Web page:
23 September 2014, News Wires – Statoil and five other large oil companies have signed a pact to reduce methane emissions in conjunction with a global UN-backed summit to help fight climate change.
The Norwegian giant will join Italy’s Eni, Pemex of Mexico, BG Group of the UK, Thailand’s PTTEP and Houston-based Southwestern Energy in forming the Climate and Clean Air Coalition (CCAC) Oil & Gas Partnership, an effort to foster transparency and share best practices in tackling methane reduction.
“Fighting climate change is vital,” Lund said in a statement. “More than 80% of greenhouse gas emissions are linked to the use of fossil fuels. Statoil has a clear objective — to be recognised as the most carbon-efficient oil and gas producer in the world.”
A dozen national governments have also signed onto the pact, including the US, which played a key role in getting the companies to agree, according to reports. Other countries include Canada, France, Mexico, Nigeria, Norway, Russia and the UK.
Methane, the main component of natural gas, is a greenhouse gas said to be 20 times more potent than carbon. It escapes from upstream operations either through flaring or in the process of transportation and compression.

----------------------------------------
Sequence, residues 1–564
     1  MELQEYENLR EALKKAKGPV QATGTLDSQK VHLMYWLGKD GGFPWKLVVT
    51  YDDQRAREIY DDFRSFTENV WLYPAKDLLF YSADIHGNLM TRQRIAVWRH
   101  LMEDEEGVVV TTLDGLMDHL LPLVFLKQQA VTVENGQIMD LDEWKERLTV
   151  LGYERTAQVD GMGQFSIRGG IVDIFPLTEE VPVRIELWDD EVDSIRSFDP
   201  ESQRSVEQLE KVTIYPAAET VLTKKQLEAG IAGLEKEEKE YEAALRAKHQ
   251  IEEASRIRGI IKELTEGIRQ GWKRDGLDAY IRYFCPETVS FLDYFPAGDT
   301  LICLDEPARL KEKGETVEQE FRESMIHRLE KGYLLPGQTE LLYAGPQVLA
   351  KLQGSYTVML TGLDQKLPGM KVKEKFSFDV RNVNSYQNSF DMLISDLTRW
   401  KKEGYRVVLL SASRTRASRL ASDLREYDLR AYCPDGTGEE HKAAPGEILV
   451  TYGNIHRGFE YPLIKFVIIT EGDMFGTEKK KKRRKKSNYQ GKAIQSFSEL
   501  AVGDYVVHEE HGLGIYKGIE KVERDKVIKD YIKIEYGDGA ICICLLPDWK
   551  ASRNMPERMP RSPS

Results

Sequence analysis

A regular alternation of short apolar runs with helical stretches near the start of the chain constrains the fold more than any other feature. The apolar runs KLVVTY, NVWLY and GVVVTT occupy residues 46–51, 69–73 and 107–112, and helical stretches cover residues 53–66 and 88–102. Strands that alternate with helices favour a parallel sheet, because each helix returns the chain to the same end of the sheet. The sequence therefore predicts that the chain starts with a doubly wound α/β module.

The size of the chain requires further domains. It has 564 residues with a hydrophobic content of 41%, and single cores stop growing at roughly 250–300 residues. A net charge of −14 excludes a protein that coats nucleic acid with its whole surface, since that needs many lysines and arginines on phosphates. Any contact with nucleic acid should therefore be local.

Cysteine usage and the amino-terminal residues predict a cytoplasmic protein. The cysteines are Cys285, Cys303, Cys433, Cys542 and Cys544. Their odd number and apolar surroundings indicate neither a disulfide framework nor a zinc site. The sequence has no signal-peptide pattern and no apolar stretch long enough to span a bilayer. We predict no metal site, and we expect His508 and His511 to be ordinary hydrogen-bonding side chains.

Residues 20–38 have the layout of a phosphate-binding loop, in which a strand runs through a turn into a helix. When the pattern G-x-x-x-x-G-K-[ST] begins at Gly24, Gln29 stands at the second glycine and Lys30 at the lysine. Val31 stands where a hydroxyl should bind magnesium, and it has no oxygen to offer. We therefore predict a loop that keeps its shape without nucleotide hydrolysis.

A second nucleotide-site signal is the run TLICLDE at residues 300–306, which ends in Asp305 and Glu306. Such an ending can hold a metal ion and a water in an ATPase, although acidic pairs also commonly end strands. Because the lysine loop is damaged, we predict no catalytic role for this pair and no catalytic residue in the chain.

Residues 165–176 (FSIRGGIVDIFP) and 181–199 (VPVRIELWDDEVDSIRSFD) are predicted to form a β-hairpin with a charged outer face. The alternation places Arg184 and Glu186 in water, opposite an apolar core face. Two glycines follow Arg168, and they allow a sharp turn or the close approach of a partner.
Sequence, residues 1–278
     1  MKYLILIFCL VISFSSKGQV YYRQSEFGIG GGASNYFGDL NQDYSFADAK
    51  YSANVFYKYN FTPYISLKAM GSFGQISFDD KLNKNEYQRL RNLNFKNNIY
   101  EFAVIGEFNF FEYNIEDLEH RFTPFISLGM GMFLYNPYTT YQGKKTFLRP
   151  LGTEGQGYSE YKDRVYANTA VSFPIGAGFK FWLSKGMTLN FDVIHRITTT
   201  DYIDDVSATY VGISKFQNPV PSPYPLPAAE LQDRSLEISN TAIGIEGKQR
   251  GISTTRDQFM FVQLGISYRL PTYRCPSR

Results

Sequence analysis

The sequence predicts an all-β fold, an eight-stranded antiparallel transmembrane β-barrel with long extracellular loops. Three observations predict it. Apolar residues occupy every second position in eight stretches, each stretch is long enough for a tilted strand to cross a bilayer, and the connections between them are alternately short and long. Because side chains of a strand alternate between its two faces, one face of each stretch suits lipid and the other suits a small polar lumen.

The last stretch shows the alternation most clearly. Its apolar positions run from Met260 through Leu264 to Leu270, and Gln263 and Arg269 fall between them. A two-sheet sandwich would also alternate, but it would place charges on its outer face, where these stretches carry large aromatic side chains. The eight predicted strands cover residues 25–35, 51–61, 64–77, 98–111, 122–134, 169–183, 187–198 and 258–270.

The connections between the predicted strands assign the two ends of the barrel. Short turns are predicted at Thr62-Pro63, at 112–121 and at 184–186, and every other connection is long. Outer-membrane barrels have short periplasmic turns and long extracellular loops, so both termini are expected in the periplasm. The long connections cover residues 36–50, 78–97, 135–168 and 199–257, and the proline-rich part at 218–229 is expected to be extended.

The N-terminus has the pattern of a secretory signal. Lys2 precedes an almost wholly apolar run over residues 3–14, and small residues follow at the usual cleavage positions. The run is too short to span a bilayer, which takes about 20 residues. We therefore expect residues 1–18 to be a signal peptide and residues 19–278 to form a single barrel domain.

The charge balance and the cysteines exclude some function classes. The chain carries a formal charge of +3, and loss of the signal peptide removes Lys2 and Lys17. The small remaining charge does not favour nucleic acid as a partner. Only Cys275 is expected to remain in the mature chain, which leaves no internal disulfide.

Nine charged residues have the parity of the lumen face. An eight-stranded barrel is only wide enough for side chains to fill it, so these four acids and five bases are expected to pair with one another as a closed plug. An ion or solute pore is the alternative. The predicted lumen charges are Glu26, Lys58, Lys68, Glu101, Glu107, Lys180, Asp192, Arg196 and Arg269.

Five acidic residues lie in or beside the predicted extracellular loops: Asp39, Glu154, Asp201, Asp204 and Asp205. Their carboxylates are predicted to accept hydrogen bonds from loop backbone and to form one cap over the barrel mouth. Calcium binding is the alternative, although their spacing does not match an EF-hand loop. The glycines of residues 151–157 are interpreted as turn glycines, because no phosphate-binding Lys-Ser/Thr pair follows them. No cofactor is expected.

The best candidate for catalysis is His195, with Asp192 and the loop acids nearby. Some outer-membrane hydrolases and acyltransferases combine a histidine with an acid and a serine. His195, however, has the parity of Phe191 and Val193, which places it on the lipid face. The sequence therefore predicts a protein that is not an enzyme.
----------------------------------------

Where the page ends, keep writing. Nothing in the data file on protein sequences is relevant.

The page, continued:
While natural gas is thought to be an important fuel to help reduce global emissions, critics say emissions of raw methane into the atmosphere could eliminate any gains made from burning the relatively cleaner hydrocarbon.
The agreement does not set any targets for reducing methane emissions, nor does it make any mention of reducing production of oil and gas. Rather, partners commit to a framework for forming a “road map” to cut methane emissions.
Southwestern Energy executive vice president Mark Boling said the companies agreed to use the latest technologies in production to ensure that gas leaks are contained.
“We want, basically, to get more companies internationally that recognise that there are cost-effective ways to reduce methane emissions in the upstream sector,” Boling told the Wall Street Journal.
Statoil is a major producer in the Bakken shale play in North Dakota. The US state has made a concerted effort to force producers to capture natural gas associated with oil production rather than flare it. A larger percentage of gas is flared in North Dakota than in any US state.
Lund will announce the partnership on Tuesday at the UN Secretary General’s Climate Summit in New York.
He will also voice Statoil’s “strong support” for a carbon price.